This Ceremony takes place in a tipi around a sacred fire. Participants sing and pray in a circle following the guidance of a Roadman or Roadwoman. Specific songs are sung accompanied by a water drum. There are four parts to this ritual just as there are in sweat lodge. These four stages are represented by the red hot coals which are raked out and formed into designs. Individuals are helped with just about anything one could need help with in their life. These meetings are also a celebration of life, We welcome all faiths and traditions to this life changing spiritual evening of prayer.
All Night Tipi Meeting Preparations
This is a time to appear as we would like to be seen by our Creator, Wakan Tanka, or God. Women, this is a nice time to wear a dress or a skirt and shawl. If it is your moon time please let us know and and we will make the proper arrangements. Bring an extra towel and change of clothing if needed for the sweat lodge in case we have one. Some people fast before the ritual but we do not advise this. Avoiding excessive salt the day of can help. If you are Alcoholic, clean out fully as the spirits of the medicine don’t like those kind of ”spirits”. This ancient ritual will take place in a tipi so please be prepared for hot or cold conditions. Bring a flashlight, blankets, and a potluck dish to pass for the Ceremonial feast to follow the Meeting.
We do not allow pets, alcohol, or drugs on the premise. Before arriving it is also helpful to start thinking about what areas in your life are needing attention in order to project those prayers clearly.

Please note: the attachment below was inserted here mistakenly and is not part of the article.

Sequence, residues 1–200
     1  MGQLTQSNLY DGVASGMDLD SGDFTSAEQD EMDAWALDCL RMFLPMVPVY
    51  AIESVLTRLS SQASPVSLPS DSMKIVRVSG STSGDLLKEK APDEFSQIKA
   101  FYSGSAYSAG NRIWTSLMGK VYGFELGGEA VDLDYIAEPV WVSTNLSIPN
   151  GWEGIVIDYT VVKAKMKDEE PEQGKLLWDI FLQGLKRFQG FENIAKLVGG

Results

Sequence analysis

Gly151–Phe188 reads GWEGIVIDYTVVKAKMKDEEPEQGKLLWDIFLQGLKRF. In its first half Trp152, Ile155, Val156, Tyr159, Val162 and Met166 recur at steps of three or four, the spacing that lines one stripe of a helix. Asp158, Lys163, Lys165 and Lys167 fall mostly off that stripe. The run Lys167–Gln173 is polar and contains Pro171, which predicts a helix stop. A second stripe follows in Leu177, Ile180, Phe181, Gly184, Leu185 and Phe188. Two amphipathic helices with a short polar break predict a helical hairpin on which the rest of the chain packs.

In our lineage, an unopened package of tobacco is traditionally offered to the Roadman. We could use help leading up to the Meeting and especially the day of. Please contact us to offer your service in the ways that are best suited. We do not charge for any Ceremonies. If an individual is in great need of help, they will not be turned away because they are unable to make a donation. Putting energy forth through donations of any sort is a balanced way to walk in this world. There are many ways that your donations help to make these Ceremonies flow and for that we are grateful. Medicine must be purchased for this type of Ceremony as well as firewood, Sacred foods, and many other things.
- If you bring your children to a ceremony please understand that Federal law prohibits minors from ingesting peyote.
- If you suffer from Schizophrenia you can expect a safe episode free experience. Peyote does not interfere with medications associated with Schizophrenia either.
- Persons regularly using Alcohol and other narcotics will find their experience to be one of discomfort.
- Federal employees (including military) are federally protected from discrimination as members.
- If your conscience is burdened with guilt or regret, you may become aware of why you have those feelings.
- Know too that Peyote is not a cure all, it is the sacrament in a prayer meeting in which we rely upon our prayers to enlist a healing.
- Also a Native American Church meeting need not include the sacred sacrament of the herb Peyote!
Please donate to The Native American Church.